Let’s Talk IDDSI

Recently members of our team attended the Leading Age conference in Minnesota. This gathering of professionals provided us an opportunity to speak with several service providers who work in the field of aging. These conversations quickly became discussions focused on transitional foods, finger foods and implementation of the International Dysphagia Diet Standardization Initiative (IDDSI).  

When you conduct an internet search for “transitional food”, you often find articles discussing transitioning babies and toddlers from purees to solids. You may also find sources that describe the process of converting conventional agricultural products to organic (Source: Shape.com, Sept 26, 2016) or changing from one customary way of eating food to another like cooked vs. raw (Source: Homegrownandhealthy.com, Feb 5, 2013). If you add the word “dysphagia” to your search, you will often be directed to the IDDSI website (www.iddsi.org).

IDDSI Food Classifications Are A Robust Development

Per their standards, a transitional food is defined as a “food that starts as one texture (e.g. firm solid) and changes into another texture specifically when moisture (e.g. water or saliva) is applied, or when change in temperature occurs (e.g. Heating).  The physiological rationale for this level of thickness is that “biting is not required; minimal chewing is required and the tongue can be used for development teaching or rehabilitation of chewing skills (e.g. development of chewing in the pediatric population and/or developmental disability; rehabilitation of chewing function post stroke). Food specific examples include wafers, some biscuits/cookies/crackers etc.” (Source: IDDSI.org) 

Scientifically standardizing food is seen as a positive development for many speech language pathologists.  It provides a framework for people with dysphagia, their caregivers, clinicians, and the food service industry language to describe texture modified foods in a systematic way. The IDDSI framework indicates that a clinician may suggest a transitional food to be used with a level 7 (regular) diet to a level 5 (minced- moist) diet. Clinicians may also decide to introduce transitional foods in therapy as a tool for someone who is currently on a pureed diet and working to advance toward solids. 

The EAT Bar Is Put To The Test

This summer, Nutraphagia’s EAT Bar was honored to be mentioned on Swallowstudy.com in an article by Karen Sheffler MS CCC-SLP, BCS-S, an expert in our field and board-certified specialist in swallowing and swallowing disorders.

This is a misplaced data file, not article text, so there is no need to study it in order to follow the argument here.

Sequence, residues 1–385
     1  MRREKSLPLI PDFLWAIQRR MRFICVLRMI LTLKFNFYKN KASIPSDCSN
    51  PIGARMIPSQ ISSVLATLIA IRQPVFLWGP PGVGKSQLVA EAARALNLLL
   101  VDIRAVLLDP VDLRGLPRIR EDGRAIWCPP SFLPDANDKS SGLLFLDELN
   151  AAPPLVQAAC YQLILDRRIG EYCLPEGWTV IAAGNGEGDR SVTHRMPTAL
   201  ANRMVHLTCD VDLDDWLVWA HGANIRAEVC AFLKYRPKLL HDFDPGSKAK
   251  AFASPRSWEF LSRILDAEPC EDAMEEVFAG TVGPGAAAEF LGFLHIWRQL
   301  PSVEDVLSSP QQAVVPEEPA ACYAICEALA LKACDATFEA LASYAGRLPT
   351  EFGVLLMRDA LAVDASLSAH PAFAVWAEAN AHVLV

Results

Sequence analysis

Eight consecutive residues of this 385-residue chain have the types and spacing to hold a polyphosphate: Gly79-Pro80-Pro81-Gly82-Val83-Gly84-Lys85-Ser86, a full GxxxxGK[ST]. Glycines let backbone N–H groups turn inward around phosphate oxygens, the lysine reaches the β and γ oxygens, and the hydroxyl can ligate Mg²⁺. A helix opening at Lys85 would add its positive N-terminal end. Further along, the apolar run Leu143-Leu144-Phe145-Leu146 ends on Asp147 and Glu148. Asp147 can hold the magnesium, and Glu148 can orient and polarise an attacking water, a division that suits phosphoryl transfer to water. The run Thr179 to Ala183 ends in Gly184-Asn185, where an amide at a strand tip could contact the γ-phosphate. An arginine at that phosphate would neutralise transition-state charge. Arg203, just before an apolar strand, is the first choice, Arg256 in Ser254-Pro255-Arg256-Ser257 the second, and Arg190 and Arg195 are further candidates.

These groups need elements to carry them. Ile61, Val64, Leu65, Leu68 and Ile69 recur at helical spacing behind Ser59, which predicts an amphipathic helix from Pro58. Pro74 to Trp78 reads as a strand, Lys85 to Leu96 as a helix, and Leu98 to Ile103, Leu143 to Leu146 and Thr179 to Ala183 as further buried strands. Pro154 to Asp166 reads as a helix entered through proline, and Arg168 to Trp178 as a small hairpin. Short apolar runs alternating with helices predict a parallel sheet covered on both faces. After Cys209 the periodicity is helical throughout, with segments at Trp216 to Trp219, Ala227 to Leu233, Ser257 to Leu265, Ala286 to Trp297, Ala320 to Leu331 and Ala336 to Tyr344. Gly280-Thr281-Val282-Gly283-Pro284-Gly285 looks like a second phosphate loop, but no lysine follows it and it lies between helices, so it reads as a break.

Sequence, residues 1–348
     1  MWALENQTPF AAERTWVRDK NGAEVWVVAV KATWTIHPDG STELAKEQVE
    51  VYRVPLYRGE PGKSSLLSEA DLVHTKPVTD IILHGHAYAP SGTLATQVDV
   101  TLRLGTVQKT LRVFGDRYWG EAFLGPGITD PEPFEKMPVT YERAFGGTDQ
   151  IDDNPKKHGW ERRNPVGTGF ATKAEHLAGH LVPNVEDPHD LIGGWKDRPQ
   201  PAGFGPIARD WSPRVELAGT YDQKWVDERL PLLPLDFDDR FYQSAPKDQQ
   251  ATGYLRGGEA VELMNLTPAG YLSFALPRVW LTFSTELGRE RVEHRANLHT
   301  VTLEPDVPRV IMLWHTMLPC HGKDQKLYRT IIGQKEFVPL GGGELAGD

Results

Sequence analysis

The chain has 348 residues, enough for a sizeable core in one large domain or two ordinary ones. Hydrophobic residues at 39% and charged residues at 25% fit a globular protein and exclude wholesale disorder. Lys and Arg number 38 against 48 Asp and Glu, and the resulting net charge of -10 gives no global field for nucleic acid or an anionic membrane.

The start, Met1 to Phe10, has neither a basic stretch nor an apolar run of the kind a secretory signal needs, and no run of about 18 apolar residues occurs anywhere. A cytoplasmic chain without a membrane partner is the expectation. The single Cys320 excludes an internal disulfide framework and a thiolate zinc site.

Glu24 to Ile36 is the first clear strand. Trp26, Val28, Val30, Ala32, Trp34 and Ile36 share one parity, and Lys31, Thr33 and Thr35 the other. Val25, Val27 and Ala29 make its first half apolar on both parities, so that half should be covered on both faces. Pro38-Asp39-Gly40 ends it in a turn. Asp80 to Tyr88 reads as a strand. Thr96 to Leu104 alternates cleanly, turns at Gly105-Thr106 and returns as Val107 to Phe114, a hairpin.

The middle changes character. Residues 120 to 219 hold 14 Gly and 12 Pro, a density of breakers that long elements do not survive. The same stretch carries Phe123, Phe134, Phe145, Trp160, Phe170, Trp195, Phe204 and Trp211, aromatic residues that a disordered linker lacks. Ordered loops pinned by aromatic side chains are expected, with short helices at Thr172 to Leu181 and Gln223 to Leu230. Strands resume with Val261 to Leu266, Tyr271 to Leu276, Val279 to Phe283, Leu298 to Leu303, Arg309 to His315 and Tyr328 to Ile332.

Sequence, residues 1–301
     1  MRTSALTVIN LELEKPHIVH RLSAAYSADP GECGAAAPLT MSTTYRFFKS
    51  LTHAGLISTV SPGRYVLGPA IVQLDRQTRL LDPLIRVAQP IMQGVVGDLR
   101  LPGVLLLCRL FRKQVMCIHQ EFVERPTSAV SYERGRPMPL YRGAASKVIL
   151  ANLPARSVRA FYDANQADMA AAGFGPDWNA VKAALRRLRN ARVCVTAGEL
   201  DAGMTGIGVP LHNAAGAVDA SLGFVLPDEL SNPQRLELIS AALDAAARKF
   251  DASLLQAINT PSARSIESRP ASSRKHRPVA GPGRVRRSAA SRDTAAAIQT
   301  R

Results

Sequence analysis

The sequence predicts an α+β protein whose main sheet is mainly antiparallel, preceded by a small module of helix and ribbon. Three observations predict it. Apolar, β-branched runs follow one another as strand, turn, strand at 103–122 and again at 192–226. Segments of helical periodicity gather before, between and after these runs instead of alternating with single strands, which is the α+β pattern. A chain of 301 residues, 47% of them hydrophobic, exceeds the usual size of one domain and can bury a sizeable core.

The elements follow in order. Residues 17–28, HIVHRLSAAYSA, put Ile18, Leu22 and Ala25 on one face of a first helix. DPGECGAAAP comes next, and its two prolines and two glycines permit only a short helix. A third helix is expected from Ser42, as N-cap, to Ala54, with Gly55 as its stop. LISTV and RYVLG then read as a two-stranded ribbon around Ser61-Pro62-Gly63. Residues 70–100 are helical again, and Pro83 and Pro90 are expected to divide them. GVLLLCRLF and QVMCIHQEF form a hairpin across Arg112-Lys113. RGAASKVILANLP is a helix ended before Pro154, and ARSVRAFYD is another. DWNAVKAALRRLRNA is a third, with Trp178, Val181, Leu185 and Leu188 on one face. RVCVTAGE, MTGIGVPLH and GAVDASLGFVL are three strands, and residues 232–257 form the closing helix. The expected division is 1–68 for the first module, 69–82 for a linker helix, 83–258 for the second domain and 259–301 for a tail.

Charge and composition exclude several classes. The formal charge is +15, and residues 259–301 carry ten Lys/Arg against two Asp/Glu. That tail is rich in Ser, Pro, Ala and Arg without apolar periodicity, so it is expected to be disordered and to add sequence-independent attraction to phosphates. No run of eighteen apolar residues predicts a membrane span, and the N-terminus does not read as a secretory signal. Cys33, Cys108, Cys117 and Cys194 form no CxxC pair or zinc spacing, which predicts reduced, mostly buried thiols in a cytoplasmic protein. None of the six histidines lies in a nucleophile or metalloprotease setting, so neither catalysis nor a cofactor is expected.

In the selected excerpts below from her article “Cotton Candy Therapy? Transitional Foods & Dysphagia” (reprinted here with permission), Sheffler uses the EAT Bar as a product example for testing methods of transitional foods and as a possible therapy tool for discontinuing a pureed diet.

Testing Transitional Foods

Play with your food! In order to analyze the safety of transitional foods for your patients and loved ones, you have to play with it, in other words – test it. In addition to this testing method below, you need to put it in your mouth and feel it. Can you hold it in your mouth with minimal tongue pumping and it just dissolves?

1) Apply 1 ml of water to the sample. (Done here via syringe.)

2) Wait 1 minute.

3) Perform the IDDSI Fork Pressure Test (or chopstick test or finger test as described by IDDSI):

a. Use a standard fork

b. Apply pressure to the base of the fork with your thumbnail until your thumbnail blanches white (as in the picture below).

c. The sample should melt, disintegrate or squash and leave indentations from the fork. It does not return to its original shape when the pressure is released.

Now that you understand how the food feels in the mouth and throat, what oral processing skills may be needed, and how much moisture, heat and pressure is needed to break it down — you are ready to think about using different transitional food items in therapy.

Transitional Foods in Dysphagia Treatment

One pillar of dysphagia treatment is diet modification; however, this cannot be done without the other pillars of compensatory strategies and rehabilitation/skill training. How do we train skills to upgrade a person’s diet without causing a choking episode on that “training” piece of chicken?!

Can transitional foods be used to more safely train these biting, chewing, lingual lateralization and bolus formation skills needed for more challenging foods? Can they also be used to advance a diet in cases of oral sensitivity and solid food refusals (often seen in the pediatric and geriatric populations)?

A Transitional Food – Product Example: 

(Disclosure again: I am not receiving any financial incentive to mention this product.)